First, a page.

If all our schools do is teach our students to be clinicians, when they graduate that is all they will know to be and feel it is important to be.

If we are to disrupt healthcare; if we are to become more, to evolve into something significant on the largest of scales, we need to empower our students to think outside of the clinical box; we need a generation of leaders in thought... we already know that they will take action.

2015 - Problem Children

When I take a look at the biggest problems in healthcare, I feel that much of it occurs because of the bullwhip effect - a term from supply chain management. Essentially, miniscule errors upstream cause tremendous variabilities and errors downstream. Think about all the missed musculoskeletal diagnoses you've caught; acute PTs, think on all the strokes you've screened out when CT scans said "negative"; consider the sheer number of prescription of drugs and inappropriate referrals to specialists... all these, in my humble opinion, are the result of a process based bullwhip effect -- seeded in outdated practice patterns, poorly applied data, and using a sift rather than going to the source. Keeping to our current path means subjecting ourselves to a masochistic epidemic of inappropriate utilization in healthcare services; drugs, inpatient stays, and redundant office visits are only the tip of the iceberg.

We need to honestly ask ourselves some rather ugly questions:
  • Do I really need a physician to educate me on how an antibiotic will be ineffective for the flu symptoms I have?
  • Is a physician really the best clinician to perform my PHYSICAL?
  • How about prescribing pain meds to... everyone?
  • There are problems inward as well: How "skilled" is it to turn on a diathermy machine and leave a patient for 20 minutes? Oh, and don't forget to use that NuStep. After all, your administration told you to do it, right?
  • Since we're in the month of December, how ethical is it to scare an assisted living resident to stay for 100 days in the "health center?" After all, they don't want have to go through the trauma of going back to the hospital, now do they? And, even if they do, they still have 100 days come New Year's!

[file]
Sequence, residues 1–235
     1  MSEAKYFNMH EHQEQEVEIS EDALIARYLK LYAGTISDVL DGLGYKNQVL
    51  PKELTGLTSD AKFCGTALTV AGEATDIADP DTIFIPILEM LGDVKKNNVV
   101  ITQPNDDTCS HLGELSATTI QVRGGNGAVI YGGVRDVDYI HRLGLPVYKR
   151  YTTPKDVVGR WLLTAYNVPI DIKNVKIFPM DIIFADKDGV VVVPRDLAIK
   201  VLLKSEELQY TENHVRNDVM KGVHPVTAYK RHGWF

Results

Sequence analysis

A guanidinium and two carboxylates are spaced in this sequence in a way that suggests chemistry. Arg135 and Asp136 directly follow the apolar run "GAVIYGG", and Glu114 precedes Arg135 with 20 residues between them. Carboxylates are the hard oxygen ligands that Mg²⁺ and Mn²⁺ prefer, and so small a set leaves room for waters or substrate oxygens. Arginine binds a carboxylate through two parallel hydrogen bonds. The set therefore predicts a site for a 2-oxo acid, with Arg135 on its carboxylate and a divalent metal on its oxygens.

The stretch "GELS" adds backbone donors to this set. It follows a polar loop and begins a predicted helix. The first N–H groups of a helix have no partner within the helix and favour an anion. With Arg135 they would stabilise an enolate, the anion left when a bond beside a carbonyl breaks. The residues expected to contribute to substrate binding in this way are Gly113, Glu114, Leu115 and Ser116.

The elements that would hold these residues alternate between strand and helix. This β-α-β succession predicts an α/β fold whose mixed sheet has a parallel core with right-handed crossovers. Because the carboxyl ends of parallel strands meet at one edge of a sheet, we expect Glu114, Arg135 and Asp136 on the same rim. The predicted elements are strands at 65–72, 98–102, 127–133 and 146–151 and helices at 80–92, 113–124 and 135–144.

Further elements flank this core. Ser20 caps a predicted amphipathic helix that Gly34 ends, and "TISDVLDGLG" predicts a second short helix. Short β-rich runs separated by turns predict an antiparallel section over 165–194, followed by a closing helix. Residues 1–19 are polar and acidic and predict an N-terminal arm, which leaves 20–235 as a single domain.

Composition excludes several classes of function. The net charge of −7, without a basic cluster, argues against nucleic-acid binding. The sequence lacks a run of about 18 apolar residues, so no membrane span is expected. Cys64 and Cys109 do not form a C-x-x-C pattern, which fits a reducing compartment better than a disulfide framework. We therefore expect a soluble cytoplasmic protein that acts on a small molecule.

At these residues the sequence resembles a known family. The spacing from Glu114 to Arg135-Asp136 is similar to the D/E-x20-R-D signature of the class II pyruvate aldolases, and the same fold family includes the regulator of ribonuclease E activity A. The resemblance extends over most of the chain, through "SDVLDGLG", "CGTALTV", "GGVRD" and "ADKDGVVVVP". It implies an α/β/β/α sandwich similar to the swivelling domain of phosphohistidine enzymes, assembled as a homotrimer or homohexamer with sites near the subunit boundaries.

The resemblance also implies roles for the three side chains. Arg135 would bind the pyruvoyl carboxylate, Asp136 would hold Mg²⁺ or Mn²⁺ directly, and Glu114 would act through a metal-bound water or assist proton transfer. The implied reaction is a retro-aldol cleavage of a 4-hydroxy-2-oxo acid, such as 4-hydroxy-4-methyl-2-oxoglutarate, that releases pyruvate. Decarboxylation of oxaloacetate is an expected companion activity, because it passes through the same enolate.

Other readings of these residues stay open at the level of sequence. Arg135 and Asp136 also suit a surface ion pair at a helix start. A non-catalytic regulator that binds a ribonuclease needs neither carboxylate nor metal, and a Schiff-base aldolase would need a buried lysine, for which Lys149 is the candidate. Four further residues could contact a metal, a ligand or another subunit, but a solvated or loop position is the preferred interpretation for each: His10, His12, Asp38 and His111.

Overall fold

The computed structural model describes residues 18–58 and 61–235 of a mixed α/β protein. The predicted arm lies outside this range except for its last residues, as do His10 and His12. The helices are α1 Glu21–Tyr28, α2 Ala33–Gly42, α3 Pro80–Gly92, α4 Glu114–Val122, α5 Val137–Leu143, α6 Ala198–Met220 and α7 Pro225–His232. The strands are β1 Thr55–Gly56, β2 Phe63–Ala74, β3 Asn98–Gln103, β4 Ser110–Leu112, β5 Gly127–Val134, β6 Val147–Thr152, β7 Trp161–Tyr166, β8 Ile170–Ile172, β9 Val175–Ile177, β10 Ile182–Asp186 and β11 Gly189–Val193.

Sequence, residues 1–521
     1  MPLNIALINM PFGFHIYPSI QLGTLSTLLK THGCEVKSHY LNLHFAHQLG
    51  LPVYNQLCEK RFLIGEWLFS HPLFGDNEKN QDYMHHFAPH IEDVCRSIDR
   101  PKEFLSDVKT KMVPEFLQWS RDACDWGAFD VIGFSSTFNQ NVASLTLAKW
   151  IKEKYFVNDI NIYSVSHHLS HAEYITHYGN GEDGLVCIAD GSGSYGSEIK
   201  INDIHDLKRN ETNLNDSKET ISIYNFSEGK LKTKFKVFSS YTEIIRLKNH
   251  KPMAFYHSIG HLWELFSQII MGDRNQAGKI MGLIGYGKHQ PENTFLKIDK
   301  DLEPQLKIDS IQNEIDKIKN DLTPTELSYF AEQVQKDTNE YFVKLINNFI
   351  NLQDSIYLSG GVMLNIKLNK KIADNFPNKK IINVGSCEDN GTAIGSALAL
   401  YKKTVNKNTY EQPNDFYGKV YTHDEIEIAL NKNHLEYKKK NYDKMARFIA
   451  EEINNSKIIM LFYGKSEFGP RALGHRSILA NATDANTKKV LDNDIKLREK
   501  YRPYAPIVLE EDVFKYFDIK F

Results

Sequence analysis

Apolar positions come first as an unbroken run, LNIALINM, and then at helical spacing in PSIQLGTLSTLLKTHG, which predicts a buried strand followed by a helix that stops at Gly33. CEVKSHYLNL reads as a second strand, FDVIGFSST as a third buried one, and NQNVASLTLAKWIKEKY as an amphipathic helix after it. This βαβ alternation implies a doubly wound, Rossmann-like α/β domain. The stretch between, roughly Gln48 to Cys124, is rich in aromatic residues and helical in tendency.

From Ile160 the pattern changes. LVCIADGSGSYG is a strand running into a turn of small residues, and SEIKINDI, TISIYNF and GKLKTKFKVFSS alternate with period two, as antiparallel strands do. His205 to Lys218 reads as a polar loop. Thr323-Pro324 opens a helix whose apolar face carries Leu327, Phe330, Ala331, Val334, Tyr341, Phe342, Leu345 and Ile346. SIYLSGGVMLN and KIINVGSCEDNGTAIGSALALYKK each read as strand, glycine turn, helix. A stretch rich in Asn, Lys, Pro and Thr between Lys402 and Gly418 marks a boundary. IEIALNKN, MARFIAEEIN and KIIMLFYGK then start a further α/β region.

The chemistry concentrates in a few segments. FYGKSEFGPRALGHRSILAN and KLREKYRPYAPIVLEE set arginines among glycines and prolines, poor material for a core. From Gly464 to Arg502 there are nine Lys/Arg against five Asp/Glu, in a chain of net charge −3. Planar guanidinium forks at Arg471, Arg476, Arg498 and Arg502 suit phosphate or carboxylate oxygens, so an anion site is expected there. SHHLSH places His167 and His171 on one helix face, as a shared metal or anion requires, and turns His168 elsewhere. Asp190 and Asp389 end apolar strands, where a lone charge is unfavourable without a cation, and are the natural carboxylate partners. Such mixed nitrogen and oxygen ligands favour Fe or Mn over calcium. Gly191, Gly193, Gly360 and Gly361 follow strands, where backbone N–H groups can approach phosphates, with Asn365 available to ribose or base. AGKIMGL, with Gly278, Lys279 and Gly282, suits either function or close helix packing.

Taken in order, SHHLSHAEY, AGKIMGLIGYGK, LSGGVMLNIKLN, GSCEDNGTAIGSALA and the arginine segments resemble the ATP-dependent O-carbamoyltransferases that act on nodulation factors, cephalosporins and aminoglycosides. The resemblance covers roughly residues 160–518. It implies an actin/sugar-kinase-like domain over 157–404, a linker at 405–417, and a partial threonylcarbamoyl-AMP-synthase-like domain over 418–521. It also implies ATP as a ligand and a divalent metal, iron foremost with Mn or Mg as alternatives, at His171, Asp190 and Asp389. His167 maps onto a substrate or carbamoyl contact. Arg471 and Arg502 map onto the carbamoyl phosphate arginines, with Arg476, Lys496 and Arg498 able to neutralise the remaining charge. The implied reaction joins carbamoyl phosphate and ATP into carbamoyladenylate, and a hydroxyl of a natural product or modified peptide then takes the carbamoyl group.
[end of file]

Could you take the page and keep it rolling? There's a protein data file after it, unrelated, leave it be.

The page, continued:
• How much is billing neuro-re-ed really helping our bottom line in the long run?
  • Is it really worth fighting for the table scraps of Medicare dollars?
  • How about chop shop clinics where aides do all the ther-ex and clinicians do 8 or 23 minutes of whatever else?
  • Home health extensions ad nauseum?
Like I said, I'd be bringing up some ugly topics. I also bring solutions. The way I see it, the ugliness exists because people have been brought to the brink of financial disaster in a system that is filled with erroneous processes.

Through all this, many experts and industry leaders are turning to "big data" for clarity. Identifying trends, managing patterns, etc. While I strongly agree with this strategy of digging deeper to find the roots, I challenge some in their methodologies. Personally, I'm not a fan of the term "big data" for healthcare... at least not yet. I think right now, it is the time for SMART DATA. Currently available data in healthcare can get problematic when it is "big" because it can quickly obscure, eclipse, and make murky the commonly obvious, otherwise elucidated by what many have felt (myself included) is best termed as "smart data."

(A topic for another time.)

In any case, for healthcare, data can be quite unclear because no one has truly been honest with the situation and themselves. This has caused the industry to sacrifice clinical excellence, best practice, honest outcomes... betraying the patient experience. Those who have had found the secret, however, they aren't sharing -- not yet, anyway ;)  And that's okay! It is there competitive advantage. Soon, it will be to their best interest to share and stand on the pedestal as industry leaders in disruptive innovation.

I would suggest that clinical excellence with the patient's best interests placed in priority and under the authority of respective content experts will bring truly meaningful and valuable observations to light. Through such analytics, solutions can be synthesized which are applicable in scale and breadth -- these are smart solutions using smart data which will produce satisfied patients, satisfied providers, and favorable finances.

2015 - Key Strategies to Successful Innovation
As we all know, change is inherently met with opposition no matter what, where, or when it occurs. Why? Well, it's not that the any given majority are ignorant, backwards thinking, or archaically minded. The resistance to change on the larger scales occurs because of organizational behavioral factors. Primarily, what has been termed the "innovator's dilemma" causes organizational behavior to favor what has always worked. After all, our core competencies is what made us great to begin with, right? This can quickly lead to a group think of: "Why fix something that isn't broken?"

I know I've said it before on Twitter...(finding it right now):
So what needs to occur to ensure that a great idea isn't snuffed out by the process and organizational values already in play?

The answer and more, coming up in Future of Physical Therapy 2015 (Part 3)

Saturday, December 20, 2014

Future of Physical Therapy 2015 (Part 1)

This is a follow up post from one of my all time, most popular blog posts "Future Thoughts for Private Practice Physical Therapy" from January 2014.